THE details of the federal government's major review of its industrial relations policy will be announced as early as today and comes as both sides of politics welcomed a settlement in the drawn-out dispute between Qantas and its engineers.
The deal was hailed by the Workplace Relations Minister, Bill Shorten, who is off to a flying start in the portfolio, having brokered a detente last week between waterfront unions and a stevedoring company owned by Chris Corrigan.
Mr Shorten and the Transport Minister, Anthony Albanese, said in a joint statement that the three-year enterprise agreement between Qantas and 1600 aircraft engineers was proof that the Fair Work Australia arbitration process was striking the right note for all involved parties.
''The government has consistently stated the importance of both sides recognising that they had a mutual interest in resolving the dispute,'' the ministers said.
But Qantas is still a considerable way from settling its differences with the unions representing baggage handlers and ground crew, and long-haul pilots. Both unions are locked in a stalemate with the airline despite almost two months of negotiations and arbitrary hearings before a full bench of Fair Work Australia will begin in late March.
The efficacy of the Gillard government's industrial relations policy will be a major focus of the political debate next year, with a review of the Fair Work Act scheduled to begin by January 1.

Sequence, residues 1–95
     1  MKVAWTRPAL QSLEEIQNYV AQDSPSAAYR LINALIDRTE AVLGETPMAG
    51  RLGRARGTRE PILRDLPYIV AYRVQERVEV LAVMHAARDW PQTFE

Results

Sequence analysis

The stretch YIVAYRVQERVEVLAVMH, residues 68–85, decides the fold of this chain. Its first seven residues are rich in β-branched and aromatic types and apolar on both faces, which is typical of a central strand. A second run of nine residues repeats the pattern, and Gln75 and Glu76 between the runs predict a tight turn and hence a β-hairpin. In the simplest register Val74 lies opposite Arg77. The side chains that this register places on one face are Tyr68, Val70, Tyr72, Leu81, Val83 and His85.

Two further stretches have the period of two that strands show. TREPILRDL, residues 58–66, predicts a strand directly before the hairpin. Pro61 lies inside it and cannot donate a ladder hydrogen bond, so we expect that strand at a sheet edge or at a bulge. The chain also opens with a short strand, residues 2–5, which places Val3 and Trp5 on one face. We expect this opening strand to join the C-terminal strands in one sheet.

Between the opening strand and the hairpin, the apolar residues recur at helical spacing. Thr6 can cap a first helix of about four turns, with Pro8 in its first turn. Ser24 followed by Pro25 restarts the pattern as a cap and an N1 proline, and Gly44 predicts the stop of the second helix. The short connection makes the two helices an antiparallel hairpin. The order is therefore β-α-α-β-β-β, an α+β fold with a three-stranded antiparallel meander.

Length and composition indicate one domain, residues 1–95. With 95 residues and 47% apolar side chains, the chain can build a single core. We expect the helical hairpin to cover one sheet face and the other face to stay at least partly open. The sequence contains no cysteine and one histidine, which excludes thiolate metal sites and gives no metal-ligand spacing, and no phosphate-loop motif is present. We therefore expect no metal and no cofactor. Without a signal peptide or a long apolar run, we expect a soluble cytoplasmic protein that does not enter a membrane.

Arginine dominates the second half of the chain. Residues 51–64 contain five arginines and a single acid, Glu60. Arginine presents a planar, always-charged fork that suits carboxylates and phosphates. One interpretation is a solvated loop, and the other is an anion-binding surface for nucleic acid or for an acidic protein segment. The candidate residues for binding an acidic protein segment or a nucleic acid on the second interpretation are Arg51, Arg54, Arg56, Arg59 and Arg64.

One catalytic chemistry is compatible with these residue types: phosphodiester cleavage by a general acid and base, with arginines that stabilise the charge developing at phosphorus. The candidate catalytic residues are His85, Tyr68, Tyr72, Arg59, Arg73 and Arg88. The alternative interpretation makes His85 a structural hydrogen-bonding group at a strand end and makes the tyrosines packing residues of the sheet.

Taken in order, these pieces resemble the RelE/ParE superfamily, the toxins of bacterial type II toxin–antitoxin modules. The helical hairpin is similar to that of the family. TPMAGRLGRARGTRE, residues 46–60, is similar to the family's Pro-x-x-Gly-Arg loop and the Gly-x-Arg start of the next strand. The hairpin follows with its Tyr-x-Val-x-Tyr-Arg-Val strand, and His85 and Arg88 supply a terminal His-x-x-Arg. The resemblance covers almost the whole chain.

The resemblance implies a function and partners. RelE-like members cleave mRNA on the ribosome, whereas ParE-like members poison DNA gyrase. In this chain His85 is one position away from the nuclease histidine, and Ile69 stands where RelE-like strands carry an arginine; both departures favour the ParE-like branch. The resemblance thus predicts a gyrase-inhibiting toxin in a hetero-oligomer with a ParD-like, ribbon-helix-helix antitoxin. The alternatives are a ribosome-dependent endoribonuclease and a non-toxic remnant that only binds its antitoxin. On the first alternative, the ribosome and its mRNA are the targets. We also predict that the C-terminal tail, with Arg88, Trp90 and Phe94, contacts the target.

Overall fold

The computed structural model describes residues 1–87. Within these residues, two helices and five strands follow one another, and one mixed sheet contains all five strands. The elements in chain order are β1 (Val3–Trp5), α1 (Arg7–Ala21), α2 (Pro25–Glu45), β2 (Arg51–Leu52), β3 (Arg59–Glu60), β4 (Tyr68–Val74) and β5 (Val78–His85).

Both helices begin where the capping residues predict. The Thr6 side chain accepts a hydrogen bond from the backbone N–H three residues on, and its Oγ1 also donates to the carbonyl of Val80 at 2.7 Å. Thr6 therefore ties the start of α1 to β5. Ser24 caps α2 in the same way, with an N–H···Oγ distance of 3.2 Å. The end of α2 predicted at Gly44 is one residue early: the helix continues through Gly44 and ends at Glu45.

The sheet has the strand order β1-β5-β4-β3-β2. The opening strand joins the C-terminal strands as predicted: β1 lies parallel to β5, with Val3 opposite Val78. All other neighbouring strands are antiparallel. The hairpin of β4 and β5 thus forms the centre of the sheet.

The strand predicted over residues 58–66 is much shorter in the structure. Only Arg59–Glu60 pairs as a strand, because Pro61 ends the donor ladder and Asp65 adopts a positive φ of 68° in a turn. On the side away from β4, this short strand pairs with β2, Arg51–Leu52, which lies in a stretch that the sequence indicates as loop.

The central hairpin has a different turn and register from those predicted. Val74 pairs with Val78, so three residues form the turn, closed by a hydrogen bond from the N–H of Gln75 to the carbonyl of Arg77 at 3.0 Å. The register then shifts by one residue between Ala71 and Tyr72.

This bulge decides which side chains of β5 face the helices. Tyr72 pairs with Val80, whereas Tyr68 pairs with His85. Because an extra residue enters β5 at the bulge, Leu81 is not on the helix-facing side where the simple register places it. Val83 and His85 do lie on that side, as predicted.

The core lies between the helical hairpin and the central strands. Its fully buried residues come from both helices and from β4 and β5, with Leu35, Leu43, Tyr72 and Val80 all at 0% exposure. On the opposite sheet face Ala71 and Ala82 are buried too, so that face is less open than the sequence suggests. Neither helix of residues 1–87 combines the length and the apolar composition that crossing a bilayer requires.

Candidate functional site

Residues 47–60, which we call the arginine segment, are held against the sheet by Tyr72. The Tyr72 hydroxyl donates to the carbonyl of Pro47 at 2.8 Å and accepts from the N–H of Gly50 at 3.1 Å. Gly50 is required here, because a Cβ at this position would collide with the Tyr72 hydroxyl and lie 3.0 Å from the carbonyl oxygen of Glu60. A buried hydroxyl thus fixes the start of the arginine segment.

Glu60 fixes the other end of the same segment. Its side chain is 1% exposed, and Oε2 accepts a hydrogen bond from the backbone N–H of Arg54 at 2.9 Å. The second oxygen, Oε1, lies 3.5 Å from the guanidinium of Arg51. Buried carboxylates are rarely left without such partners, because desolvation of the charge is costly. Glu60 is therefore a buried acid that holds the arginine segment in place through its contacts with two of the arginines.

The review's terms of reference - including whether the introduction of individual workplace agreements will be considered - is expected to be announced today or tomorrow.
Mr Shorten would not say yesterday who would lead the review but a spokesman for him said the details had been finalised and an announcement was imminent.
Mr Shorten and Mr Albanese said that invoking Fair Work Australia's emergency powers after Qantas grounded its fleet and threatened workers with a lockout had contributed to yesterday's outcome between the airline and the engineers union.
The deal includes an annual 3 per cent wage increase over its three-year life, as well as a ''new licensing system'' that rewards engineers who take on extra responsibilities. However, the union withdrew a demand for the establishment of a heavy maintenance hangar in Australia for Qantas's Airbus A380s.
The engineers will gain back pay after the two sides agreed to allow the deal to begin on January 1 this year.
The Opposition spokesman for Employment and Workplace Relations, Eric Abetz, said he was glad that ''after all the hoopla… commonsense has finally prevailed.''
"I have said all along that management decisions - like the building of new hangars - should be left to management because, at the end of the day, the more successful the enterprise, the better job security individual employees have,'' Senator Abetz said.
The secretary of the the Australian Licensed Aircraft Engineers Association, Steve Purvinas, said the government and Mr Shorten had played an important role in the two sides reaching a deal.
''The kind words or pressure or whatever it may be from some of the government ministers who phoned through have maybe convinced Qantas it may be best to wrap up an agreement,'' Mr Purvinas said.